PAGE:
For the first time in its history the National Portrait Gallery’s annual competition the Taylor Wessing Photographic Portrait Prize is to permit digital entries for its first round of judging, it was announced today, Friday 28 April 2017. (News Release: NATIONAL PORTRAIT GALLERY ANNOUNCES TENTH ANNIVERSARY TAYLOR WESSING PHOTOGRAPHIC PORTRAIT PRIZE CALL FOR ENTRIES… DIGITAL SUBMISSIONS WELCOMED FOR FIRST TIME – National Portrait Gallery, no date)

The Beaney Museum, Canterbury is currently holding the

exhibition until the 29th October. https://canterburymuseums.co.uk/beaney/explore/

The exhibition is located on the first floor in a large room which was fairly well lit with spot lights over the hung mounted portraits with a few darker areas; where it enhanced the work on display in particular Angela (photogravure) February 2016 by Peter MOSELEY.

Moseley’s portrait in monochrome and using a printing technique that took me back to a time when I left school and started work in the print industry; a very evocative portrait not only for the print process but the subject reflected myself with every minute detail emphasised in the skin and atrophy.

The overall layout of the exhibition was displayed in two sections parted by a small divide with a total of 61 portraits.

In the corner of the small divide was a section ‘In Focus’ by l. The De Middel exhibition comprised of four large inkjet prints from the series ‘The Gentleman’s Club 2016’. De Middel was born in 1975 and has Spanish and Belgian parents. She studied at the Polytechnic University of Valencia gained her MA in Fine Arts but photography was to great an opportunity and was side-tracked by the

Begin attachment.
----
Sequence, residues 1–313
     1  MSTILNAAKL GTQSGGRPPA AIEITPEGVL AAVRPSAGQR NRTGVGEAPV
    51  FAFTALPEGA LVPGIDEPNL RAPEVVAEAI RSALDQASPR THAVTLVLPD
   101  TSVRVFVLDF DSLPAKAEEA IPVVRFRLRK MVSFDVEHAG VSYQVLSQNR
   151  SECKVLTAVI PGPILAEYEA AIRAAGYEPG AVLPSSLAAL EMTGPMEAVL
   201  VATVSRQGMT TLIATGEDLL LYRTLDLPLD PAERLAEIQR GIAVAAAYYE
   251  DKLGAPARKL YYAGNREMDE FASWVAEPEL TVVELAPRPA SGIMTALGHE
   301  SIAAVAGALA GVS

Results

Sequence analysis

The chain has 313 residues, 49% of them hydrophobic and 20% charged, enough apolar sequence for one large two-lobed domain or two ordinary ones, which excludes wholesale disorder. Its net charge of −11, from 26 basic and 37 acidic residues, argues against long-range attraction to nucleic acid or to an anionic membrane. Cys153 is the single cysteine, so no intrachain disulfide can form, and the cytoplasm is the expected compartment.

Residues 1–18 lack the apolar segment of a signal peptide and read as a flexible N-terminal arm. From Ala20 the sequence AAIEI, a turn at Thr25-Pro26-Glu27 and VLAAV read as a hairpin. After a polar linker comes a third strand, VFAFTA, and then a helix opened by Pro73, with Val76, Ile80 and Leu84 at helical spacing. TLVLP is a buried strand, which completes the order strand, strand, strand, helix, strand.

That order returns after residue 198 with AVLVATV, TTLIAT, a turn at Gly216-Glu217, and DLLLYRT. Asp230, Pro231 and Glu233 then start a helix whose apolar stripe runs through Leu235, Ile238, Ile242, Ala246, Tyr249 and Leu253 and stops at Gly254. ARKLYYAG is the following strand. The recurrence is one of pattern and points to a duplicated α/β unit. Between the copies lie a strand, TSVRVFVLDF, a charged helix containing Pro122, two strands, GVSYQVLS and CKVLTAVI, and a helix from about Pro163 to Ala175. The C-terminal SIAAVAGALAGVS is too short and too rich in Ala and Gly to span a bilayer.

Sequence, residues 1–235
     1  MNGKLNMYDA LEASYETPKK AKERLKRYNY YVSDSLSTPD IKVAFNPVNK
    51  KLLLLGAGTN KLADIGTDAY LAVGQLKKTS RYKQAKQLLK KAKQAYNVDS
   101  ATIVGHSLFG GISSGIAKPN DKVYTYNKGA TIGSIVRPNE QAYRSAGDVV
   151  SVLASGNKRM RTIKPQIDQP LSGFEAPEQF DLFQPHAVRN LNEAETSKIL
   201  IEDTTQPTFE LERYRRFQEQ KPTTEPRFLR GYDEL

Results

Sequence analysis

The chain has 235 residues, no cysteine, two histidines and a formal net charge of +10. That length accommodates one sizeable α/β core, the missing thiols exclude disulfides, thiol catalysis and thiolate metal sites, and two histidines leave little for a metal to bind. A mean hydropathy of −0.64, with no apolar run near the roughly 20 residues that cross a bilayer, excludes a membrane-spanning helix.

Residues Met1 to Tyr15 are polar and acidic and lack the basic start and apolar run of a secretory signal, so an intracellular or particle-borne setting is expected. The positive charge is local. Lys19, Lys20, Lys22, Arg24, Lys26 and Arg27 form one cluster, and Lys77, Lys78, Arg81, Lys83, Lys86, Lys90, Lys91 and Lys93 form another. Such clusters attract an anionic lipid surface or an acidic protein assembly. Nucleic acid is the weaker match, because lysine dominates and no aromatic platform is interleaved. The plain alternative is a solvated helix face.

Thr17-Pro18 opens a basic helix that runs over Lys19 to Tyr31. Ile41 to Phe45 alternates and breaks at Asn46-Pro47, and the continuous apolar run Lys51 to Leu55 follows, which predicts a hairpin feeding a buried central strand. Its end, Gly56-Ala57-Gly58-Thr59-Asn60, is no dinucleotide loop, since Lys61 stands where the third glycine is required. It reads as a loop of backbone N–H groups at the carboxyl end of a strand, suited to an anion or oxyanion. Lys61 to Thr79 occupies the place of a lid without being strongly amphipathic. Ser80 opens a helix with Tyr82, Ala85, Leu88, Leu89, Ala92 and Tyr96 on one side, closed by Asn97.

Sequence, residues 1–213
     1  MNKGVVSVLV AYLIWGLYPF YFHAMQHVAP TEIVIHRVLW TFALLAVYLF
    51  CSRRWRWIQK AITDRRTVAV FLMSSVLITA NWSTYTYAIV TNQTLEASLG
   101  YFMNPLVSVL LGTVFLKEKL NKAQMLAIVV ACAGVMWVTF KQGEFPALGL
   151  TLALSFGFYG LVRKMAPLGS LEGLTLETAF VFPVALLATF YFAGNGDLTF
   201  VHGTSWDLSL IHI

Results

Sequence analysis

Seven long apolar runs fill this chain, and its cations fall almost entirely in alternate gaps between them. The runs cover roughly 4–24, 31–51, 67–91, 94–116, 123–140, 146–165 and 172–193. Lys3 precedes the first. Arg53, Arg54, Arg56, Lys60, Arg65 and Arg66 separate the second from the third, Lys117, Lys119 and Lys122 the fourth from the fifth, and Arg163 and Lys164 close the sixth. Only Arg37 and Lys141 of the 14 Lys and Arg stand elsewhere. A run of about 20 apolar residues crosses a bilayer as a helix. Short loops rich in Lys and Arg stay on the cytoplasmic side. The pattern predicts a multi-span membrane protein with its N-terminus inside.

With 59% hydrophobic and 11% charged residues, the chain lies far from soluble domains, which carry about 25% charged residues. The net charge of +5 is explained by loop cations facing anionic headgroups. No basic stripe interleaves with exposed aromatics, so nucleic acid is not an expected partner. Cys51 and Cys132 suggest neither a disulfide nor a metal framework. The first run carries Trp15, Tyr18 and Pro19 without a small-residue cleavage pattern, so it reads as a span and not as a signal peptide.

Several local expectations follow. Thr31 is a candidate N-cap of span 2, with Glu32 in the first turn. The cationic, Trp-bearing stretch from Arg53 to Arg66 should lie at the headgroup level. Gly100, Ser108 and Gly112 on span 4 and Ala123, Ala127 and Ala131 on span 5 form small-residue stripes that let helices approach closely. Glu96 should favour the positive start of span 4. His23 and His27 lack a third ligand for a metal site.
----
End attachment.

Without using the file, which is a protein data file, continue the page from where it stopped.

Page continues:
camera. ‘That’s when I fell in love with the darkroom process. I soon realised the possibilities the medium had to explain the world we live in and I wanted to try to understand the world through the lens.’ (Bloomfield and National Portrait Gallery (Great Britain), 2016)

 Working clockwise around the exhibition the prints varied in size, colour and medium with the exception of De Middel’s work. The prints had a feel of a seedy nature, solitary males in dimly lit rooms casually dressed. One male looks high on drugs with a vacant expression on his face. The narrative sitting slightly to one side of the portraits and under each a short explanation about the subject and why they use brothels.

 I progressed along the walls and immediately struck by two portraits of nurses on a bright crimson background against which the bright white uniforms leapt out of the photograph. Larger than life in size and posture. I felt quite intimidated by the pair staring at me.

The overall winning image a schoolboy in uniform seemed rather bland and boring it could have been taken at any school anywhere in the world. I did not find it in anyway stimulating or leaving me asking Who? What? Where? When and Why? I found it (Similar uniforms we refuse to compare) disappointing, however, well lit, sharp and technically correct a classic portrait. Claudio Rasano’s work does not appear to differ from any other work he has previously produced; clean backgrounds, natural lighting and without manipulating the image. (correspondent, 2016)